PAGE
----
||It has been suggested that this article be merged with ISO/IEC 27001:2005 to ISO/IEC 27001. (Discuss) Proposed since September 2017.|
ISO/IEC 27001:2013 is an information security standard that was published in September 2013 It supersedes ISO/IEC 27001:2005 and is published by the International Organization for Standardization (ISO) and the International Electrotechnical Commission (IEC) under the joint ISO and IEC subcommittee, ISO/IEC JTC 1/SC 27. It is a specification for an information security management system (ISMS). Organizations that meet the standard may be certified compliant by an independent and accredited certification body on successful completion of a formal compliance audit.
Structure of the standard
The official title of the standard is "Information technology — Security techniques — Information security management systems — Requirements"
ISO/IEC 27001:2013 has ten short clauses, plus a long annex, which cover:
- 1. Scope of the standard
- 2. How the document is referenced
- 3. Reuse of the terms and definitions in ISO/IEC 27000
- 4. Organizational context and stakeholders
- 5. Information security leadership and high-level support for policy
- 6. Planning an information security management system; risk assessment; risk treatment
- 7. Supporting an information security management system
- 8. Making an information security management system operational
- 9. Reviewing the system's performance
- 10. Corrective action
- Annex A: List of controls and their objectives
This structure mirrors other management standards such as ISO 22301 (business continuity management); this helps organizations comply with multiple management systems standards if they wish. Annexes B and C of 27001:2005 have been removed.
Changes from the 2005 standard
The 2013 standard puts more emphasis on measuring and evaluating how well an organization's ISMS is performing, and there is a new section on outsourcing, which reflects the fact that many organizations rely on third parties to provide some aspects of IT. It does not emphasize the Plan-Do-Check-Act cycle that 27001:2005 did. Other continuous improvement processes like Six Sigma's DMAIC method can be implemented. More attention is paid to the organizational context of information security, and risk assessment has changed. Overall, 27001:2013 is designed to fit better alongside other management standards such as ISO 9000 and ISO/IEC 20000, and it has more in common with them.
- A.6.1.5 Information security in project management
- A.12.6.2 Restrictions on software installation
- A.14.2.1 Secure development policy
- A.14.2.5 Secure system engineering principles
- A.14.2.6 Secure development environment
- A.14.2.8 System security testing
- A.15.1.1 Information security policy for supplier relationships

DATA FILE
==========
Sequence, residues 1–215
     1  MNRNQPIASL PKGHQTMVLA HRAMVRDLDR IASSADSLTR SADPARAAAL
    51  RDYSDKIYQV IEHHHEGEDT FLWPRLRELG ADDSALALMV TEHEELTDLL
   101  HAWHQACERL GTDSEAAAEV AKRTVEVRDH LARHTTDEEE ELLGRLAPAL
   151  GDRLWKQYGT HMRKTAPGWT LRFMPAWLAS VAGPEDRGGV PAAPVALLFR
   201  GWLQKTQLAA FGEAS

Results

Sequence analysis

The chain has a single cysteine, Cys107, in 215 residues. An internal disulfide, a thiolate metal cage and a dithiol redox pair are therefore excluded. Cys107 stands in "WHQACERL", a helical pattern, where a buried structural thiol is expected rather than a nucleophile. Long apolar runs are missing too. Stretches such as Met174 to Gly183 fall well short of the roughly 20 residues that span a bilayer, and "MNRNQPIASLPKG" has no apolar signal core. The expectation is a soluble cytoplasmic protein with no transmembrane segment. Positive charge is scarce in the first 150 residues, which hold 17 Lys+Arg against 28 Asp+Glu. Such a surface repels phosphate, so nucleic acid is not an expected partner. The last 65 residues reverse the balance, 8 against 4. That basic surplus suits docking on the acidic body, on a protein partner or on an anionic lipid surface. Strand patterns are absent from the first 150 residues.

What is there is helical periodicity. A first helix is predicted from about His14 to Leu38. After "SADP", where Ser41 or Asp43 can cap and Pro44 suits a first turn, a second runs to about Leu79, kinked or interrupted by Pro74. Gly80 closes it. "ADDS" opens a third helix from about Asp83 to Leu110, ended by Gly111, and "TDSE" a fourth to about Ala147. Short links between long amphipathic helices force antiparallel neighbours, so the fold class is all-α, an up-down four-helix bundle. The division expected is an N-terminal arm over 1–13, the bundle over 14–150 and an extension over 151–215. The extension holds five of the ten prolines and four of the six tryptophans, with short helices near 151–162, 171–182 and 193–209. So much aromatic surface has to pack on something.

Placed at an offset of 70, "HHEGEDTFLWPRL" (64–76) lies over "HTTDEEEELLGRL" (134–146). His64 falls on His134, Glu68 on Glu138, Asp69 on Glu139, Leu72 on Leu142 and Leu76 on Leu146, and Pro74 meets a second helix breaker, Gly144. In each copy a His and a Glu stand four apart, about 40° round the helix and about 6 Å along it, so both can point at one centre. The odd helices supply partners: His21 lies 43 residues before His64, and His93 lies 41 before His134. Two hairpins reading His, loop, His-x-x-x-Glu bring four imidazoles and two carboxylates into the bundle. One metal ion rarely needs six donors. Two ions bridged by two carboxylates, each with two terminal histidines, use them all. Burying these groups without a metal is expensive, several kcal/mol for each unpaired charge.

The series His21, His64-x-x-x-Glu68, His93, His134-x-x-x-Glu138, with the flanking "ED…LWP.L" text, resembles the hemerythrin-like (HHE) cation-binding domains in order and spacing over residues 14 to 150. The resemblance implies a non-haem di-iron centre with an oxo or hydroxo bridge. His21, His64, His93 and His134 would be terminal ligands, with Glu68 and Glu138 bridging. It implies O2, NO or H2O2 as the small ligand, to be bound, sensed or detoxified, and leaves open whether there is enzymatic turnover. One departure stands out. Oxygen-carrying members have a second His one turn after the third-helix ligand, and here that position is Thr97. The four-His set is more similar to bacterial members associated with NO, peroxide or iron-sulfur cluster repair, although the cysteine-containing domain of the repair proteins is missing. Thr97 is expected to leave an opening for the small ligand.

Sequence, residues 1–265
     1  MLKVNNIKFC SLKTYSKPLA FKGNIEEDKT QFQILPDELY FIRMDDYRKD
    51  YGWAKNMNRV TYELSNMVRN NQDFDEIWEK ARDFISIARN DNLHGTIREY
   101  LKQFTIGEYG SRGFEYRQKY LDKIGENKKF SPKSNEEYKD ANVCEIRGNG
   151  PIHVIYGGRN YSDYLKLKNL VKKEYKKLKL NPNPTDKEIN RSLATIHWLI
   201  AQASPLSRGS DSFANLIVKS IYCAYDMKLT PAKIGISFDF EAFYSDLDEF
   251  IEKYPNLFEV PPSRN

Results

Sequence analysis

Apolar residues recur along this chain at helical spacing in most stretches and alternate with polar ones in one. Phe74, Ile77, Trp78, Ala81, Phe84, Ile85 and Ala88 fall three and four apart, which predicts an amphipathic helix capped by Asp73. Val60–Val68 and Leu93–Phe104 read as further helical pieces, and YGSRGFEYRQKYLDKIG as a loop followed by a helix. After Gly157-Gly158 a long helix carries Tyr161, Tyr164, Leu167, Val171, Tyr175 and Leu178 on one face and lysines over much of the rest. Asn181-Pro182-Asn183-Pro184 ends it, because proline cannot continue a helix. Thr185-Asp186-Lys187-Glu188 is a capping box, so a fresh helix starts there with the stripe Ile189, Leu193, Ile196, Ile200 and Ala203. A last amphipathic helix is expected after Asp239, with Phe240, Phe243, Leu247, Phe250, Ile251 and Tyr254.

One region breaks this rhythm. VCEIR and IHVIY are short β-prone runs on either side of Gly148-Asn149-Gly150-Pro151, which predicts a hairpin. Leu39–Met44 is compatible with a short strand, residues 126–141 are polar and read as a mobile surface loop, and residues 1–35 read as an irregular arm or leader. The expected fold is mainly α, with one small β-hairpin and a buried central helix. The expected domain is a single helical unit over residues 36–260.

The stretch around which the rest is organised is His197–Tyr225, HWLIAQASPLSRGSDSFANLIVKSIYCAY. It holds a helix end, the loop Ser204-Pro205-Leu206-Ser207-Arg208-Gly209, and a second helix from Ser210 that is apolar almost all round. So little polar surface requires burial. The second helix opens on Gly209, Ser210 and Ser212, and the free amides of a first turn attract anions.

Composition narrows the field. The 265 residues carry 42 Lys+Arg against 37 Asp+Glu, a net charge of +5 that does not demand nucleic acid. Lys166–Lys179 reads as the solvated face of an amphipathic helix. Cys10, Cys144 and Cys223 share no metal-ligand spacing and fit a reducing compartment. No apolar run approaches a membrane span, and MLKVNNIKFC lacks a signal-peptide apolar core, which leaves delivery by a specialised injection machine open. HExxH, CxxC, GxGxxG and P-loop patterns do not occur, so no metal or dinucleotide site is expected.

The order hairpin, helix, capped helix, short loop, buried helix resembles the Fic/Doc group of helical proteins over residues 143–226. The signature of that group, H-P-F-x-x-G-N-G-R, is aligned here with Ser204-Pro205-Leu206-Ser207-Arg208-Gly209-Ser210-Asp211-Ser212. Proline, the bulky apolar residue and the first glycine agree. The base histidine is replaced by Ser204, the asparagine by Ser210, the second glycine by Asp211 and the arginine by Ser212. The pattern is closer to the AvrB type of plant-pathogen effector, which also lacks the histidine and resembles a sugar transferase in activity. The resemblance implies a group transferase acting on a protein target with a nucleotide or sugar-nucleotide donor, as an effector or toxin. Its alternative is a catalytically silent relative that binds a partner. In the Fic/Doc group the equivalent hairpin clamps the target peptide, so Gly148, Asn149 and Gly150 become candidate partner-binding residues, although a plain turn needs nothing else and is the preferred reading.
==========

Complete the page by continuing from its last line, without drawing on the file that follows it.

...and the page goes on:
- A.15.1.3 Information and communication technology supply chain
- A.16.1.4 Assessment of and decision on information security events
- A.16.1.5 Response to information security incidents
- A.17.2.1 Availability of information processing facilities
Clause 6.1.3 describes how an organization can respond to risks with a risk treatment plan; an important part of this is choosing appropriate controls. A very important change in the new version of ISO 27001 is that there is now no requirement to use the Annex A controls to manage the information security risks. The previous version insisted ("shall") that controls identified in the risk assessment to manage the risks must have been selected from Annex A. Thus almost every risk assessment ever completed under the old version of ISO 27001 used Annex A controls but an increasing number of risk assessments in the new version do not use Annex A as the control set. This enables the risk assessment to be simpler and much more meaningful to the organization and helps considerably with establishing a proper sense of ownership of both the risks and controls. This is the main reason for this change in the new version.
There are now 114 controls in 14 groups and 35 control objectives; the 2005 standard had 133 controls in 11 groups.
- A.5: Information security policies (2 controls)
- A.6: Organization of information security (7 controls)
- A.7: Human resource security - 6 controls that are applied before, during, or after employment
- A.8: Asset management (10 controls)
- A.9: Access control (14 controls)
- A.10: Cryptography (2 controls)
- A.11: Physical and environmental security (15 controls)
- A.12: Operations security (14 controls)
- A.13: Communications security (7 controls)
- A.14: System acquisition, development and maintenance (13 controls)
- A.15: Supplier relationships (5 controls)
- A.16: Information security incident management (7 controls)
- A.17: Information security aspects of business continuity management (4 controls)
- A.18: Compliance; with internal requirements, such as policies, and with external requirements, such as laws (8 controls)
The new and updated controls reflect changes to technology affecting many organizations - for instance, cloud computing - but as stated above it is possible to use and be certified to ISO/IEC 27001:2013 and not use any of these controls.
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